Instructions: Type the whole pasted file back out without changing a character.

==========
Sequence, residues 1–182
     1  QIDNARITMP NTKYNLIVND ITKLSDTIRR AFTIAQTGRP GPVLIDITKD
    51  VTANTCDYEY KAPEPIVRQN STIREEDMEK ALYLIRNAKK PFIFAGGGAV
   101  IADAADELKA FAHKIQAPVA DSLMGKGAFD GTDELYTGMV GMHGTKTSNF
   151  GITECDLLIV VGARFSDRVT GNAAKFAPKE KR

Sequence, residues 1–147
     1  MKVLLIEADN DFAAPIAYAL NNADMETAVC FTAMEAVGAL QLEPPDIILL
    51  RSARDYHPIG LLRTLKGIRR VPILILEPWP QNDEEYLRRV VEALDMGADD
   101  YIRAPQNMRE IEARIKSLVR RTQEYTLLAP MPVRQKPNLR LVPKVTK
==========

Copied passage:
Sequence, residues 1–182
     1  QIDNARITMP NTKYNLIVND ITKLSDTIRR AFTIAQTGRP GPVLIDITKD
    51  VTANTCDYEY KAPEPIVRQN STIREEDMEK ALYLIRNAKK PFIFAGGGAV
   101  IADAADELKA FAHKIQAPVA DSLMGKGAFD GTDELYTGMV GMHGTKTSNF
   151  GITECDLLIV VGARFSDRVT GNAAKFAPKE KR

Sequence, residues 1–147
     1  MKVLLIEADN DFAAPIAYAL NNADMETAVC FTAMEAVGAL QLEPPDIILL
    51  RSARDYHPIG LLRTLKGIRR VPILILEPWP QNDEEYLRRV VEALDMGADD
   101  YIRAPQNMRE IEARIKSLVR RTQEYTLLAP MPVRQKPNLR LVPKVTK